The first design adhered to the rough contours given in the tender stage by Safdie’s office. The data within this model required extensive converting because, as given, it was inadequate for further engineering. Through analysis of different cross-sections of the model and connecting these in fluent lines, a new 3D model was developed.

Prototype Development
Prototypes were created for each construction type: the tubular steel structure with a light, composite sandwich, polyester covering and the alternative solution of the integral, composite sandwich. Both prototypes were shown to Safdie in relation to the results of the Maya-based computer-design work from July 2003. Meanwhile, the pre-engineering work had resulted in a dramatic cost reduction from initial estimates as the engineering team became more familiar with the experimental aspects of the project. As a result, the original quote was reduced to closely reflect the average price level, thereby emphasizing the importance and illuminating the wisdom of the pre-engineering contract.

The final design-build contract was signed based on approval of architect Safdie on the quality of the prototypes. Final engineering began with AutoCAD and Mechanical Desk Top, and the final analysis incorporated testing, production methods, and planning issues. The initial prototype development happened in the first year, and the final prototype construction and testing continued into the second year.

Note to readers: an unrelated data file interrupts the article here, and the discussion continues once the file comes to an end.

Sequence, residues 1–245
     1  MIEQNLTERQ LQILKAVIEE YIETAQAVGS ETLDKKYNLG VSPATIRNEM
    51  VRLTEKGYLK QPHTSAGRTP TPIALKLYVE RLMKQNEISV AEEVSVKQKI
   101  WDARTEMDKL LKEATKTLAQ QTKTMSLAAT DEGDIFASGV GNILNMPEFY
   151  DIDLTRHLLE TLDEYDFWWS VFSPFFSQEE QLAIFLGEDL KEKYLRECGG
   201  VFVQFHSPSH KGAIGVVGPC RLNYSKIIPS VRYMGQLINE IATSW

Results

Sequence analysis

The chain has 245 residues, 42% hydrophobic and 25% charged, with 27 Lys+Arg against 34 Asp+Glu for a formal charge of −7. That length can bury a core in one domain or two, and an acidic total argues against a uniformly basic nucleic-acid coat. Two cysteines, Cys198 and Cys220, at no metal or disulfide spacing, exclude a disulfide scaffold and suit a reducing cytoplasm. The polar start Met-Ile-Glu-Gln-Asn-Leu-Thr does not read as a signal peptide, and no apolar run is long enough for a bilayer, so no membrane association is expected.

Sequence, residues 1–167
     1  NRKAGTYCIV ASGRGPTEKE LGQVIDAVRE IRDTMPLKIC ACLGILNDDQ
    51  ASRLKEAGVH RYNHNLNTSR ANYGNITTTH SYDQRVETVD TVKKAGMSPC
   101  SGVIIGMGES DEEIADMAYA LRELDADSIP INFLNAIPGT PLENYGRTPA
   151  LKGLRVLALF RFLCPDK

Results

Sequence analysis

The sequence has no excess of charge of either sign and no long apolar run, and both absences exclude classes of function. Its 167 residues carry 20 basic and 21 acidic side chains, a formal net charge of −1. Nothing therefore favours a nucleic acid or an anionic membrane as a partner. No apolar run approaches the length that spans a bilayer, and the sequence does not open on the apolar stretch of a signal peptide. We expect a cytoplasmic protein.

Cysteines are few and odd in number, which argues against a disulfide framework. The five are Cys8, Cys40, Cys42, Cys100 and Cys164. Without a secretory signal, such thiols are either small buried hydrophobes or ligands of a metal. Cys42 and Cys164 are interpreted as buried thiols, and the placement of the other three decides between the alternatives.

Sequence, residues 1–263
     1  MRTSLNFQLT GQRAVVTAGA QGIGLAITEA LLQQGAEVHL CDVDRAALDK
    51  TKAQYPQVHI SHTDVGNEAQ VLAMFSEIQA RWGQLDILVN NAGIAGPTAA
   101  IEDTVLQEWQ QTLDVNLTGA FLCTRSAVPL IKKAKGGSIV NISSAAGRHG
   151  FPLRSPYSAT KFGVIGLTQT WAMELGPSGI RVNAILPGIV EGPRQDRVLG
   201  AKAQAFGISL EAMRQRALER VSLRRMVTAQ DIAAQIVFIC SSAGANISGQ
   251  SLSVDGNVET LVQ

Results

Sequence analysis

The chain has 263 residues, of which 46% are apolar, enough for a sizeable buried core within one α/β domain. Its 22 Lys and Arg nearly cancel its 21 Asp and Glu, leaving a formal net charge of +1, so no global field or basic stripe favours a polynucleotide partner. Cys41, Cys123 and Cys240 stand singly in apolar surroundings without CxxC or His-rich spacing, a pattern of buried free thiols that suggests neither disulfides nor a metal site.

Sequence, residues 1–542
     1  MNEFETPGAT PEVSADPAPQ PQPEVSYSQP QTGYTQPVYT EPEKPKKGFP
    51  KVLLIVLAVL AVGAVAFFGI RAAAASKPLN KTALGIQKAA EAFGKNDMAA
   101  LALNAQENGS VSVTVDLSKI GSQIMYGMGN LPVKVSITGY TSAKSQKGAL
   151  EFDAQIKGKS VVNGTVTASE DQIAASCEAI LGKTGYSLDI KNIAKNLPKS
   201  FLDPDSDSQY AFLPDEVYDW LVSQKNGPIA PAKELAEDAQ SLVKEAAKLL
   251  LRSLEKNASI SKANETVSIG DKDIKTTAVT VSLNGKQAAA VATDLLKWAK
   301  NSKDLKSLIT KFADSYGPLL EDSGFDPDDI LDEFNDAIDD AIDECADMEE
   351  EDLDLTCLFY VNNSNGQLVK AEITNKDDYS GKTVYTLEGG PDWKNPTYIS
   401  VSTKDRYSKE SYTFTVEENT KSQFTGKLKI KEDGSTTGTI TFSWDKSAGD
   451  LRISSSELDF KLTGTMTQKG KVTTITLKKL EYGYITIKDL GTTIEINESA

The structure has been freeform designed according to the CAD software Octatube uses for these purposes. The production technique used for the composite segments was based on standard production techniques for sailing ship hulls. The production of the composite elements was a big step that followed the engineering and this was realised by the company Holland Composites.

In May 2005, the roofs for the two wings of the library were shipped to Israel in 3,5m x 3,5m x15m super-crates. Logistics were specially designed to contain as many segments as possible. Transport was foreseen in 5 lots of the 5 different wings via regular freight to the harbor of Ash Dod and onward to the site by inland trucking transportation.

The segments were assembled inversely then measured and connected by the prefabricated, reinforced strips. Next, they were measured again, touched-up, and finished with the structural reinforcement meshes and filler. The lower-side was given a fire retarding layer, and the upper-side was covered with an infrared-light resistant layer. Finally, the shells were turned over and equally finished on the opposite side.
After hoisting the wings onto the library, the first shell was positioned on a flat, steel truss sub-structure, which rested on a concrete wall.
The glass facades were developed separately from the roof wings.

The resulting design is a combination of structural components with a strong architectural statement that incorporates technology from aeronautics, ship building, industrial design, and geodetic surveying. Completed, it serves as an example of multiple innovations in technology.
The first design adhered to the rough contours given in the tender stage by Safdie’s office. The data within this model required extensive converting because, as given, it was inadequate for further engineering. Through analysis of different cross-sections of the model and connecting these in fluent lines, a new 3D model was developed.